Heather Peace is one talented, and busy, lady. Most of you would be familiar with her role as steadfast detective, Sam Murray in the BBC lesbian drama Lip Service, or maybe even as Nicki Boston, the Head of English in the popular BBC One school drama series, Waterloo Rd. Just recently, Heather was voted the 20th hottest queer lady in all the land in the Autostraddle Hot 100, while DS Murray was voted the 9th most bad-ass fictional female crime-fighter, a list that was perhaps not as popular as the Hot 100 but important nonetheless.
Acting and hotness aside, Heather Peace is also a talented and accomplished musician. Her debut album, Fairytales, was released independently in May and has been burning up the UK charts. Produced by Oscar-nominated producer Nigel Wright (Madonna, Streisand, others), the album features twelve theatrical pop songs with delicate melodies, soaring vocals, and lyrics that offer an honest glimpse of Heather’s life, loves and associated lessons.
Heather is not an actor who suddenly decided to have a crack at music. A classically trained pianist who’s been songwriting since the age of fourteen, Heather paid her dues like most other musicians, starting out performing for friends at her local pub and undertaking a jazz residency at a bar in Manchester. Perhaps this is why she seems so genuinely appreciative of the reception her music receives, and of the fans and collaborators who have helped her get this far. (When discussing her music, Heather constantly refers to “we” – her band, her producer, her team. There’s no ‘I’ in Heather Peace.)
I spoke to Heather on one of her few days off, between finishing her sold-out tour and shipping off to Glasgow to film another season of Waterloo Rd. With no one around to enforce a time limit, plenty of ground was covered – from Fairytales and the darker side of relationships, to how it felt to accompany Sam on her spiral towards rock bottom during Lip Service Season Two.
[If you haven’t yet seen Lip Service Season Two, the second page of this interview contains spoilers]
So you just wrapped up a sold-out tour in the UK. How was it?
It was absolutely fantastic! It was a dream come true, honestly, which I know sounds corny but it just hit every expectation and more. On the final night I managed to persuade Alison Moyet to get up on stage and sing with me! She’s a big childhood hero of mine — her and other British female artists like Annie Lennox and Kate Bush — so I was absolutely beside myself when that happened.
Wow. Was this something that was planned, or did Alison just jump up on stage?
Well, we had gotten to know each other a bit on Twitter; she’s quite shy and so I suggested, “you might like to come along to the London gig”. Once she said yes, I very cheekily followed with, “and maybe you’d like to get up on stage during my encore and sing one of your covers?” We didn’t announce it ahead of time because I wanted her to feel comfortable enough that she could drop out at any time, which she didn’t.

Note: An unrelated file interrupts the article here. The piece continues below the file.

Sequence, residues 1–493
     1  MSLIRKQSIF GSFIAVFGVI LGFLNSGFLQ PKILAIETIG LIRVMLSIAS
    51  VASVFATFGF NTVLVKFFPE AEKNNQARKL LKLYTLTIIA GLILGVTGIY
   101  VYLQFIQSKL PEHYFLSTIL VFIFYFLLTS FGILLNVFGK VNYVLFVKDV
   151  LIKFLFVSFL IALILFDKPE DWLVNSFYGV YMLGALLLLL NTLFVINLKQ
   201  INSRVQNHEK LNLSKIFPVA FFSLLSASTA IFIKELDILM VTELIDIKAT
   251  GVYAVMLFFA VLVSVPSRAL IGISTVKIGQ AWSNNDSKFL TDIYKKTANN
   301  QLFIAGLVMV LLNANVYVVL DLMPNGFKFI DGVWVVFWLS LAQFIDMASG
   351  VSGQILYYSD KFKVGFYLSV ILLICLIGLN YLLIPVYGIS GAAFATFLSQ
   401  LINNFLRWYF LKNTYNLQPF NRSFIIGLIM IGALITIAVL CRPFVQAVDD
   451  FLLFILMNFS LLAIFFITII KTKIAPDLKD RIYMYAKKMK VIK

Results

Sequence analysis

We performed “Whispering Your Name” and the audience just went absolutely mental. I just couldn’t believe it. She is such a big hero of mine, I couldn’t believe it was happening.
I watched some fan videos of the tour and was super impressed at how many fans were able to sing along with the lyrics so soon after the album was released…
It’s kind of mad, isn’t it? I guess that’s what’s been crazy about it. You know, I’m in my thirties. I’ve written music all my life and I have gigged all my life, and suddenly this is all happening now. I can’t even get my head around it. Everyone was singing along and the whole time I was thinking, ‘wow, this is so awesome!’
Early last year you said that your shows tend to attract older lesbians who don’t want to go to nightclubs. Now that both Fairytales has been released and your profile has risen further, has your audience become more diverse?
It hasn’t completely changed, but the age range is definitely a lot wider now. You can’t come to my shows unless you’re sixteen or older because we’ve been playing at 400 – 450 capacity venues that have bars inside. But we definitely had sixteen-year-olds, right through to sixty and seventy-year-olds. A few straight guys were in there as well.
I’m on a television show over here called Waterloo Rd — it’s a more mainstream show that a lot of youngsters are into — and I think I’ve picked up a diverse audience through that. So there have been a few changes. We also play at more seated venues now because many people who come to my gigs are not regular gig-goers, so having a mosh pit where people stand and get knocked around isn’t really for them. [laughs]
You seem to be incredibly accessible to your fans, the way you talk to them on Twitter, chat to them after shows, and so on. Why is having that close connection important to you?
They’re the reason that I’ve been able to do what I’m doing. There’s been no record company involved, or anything like that. I’ve always had this thought as a musician and an actor as well, that fans are really the people that essentially employ you. If nobody watches or listens to you then you don’t have a job! Sometimes I think musicians and actors can get a little ahead of themselves, in that respect.
You’ve been involved with a major record company in the past. Did that experience influence your decision to release Fairytales independently?
I was signed [to BMG] briefly, in my early twenties. I think because I’m a television actress, and because of my age and a few other factors, that those things would have worked against me if I had gone after a recording contract this time.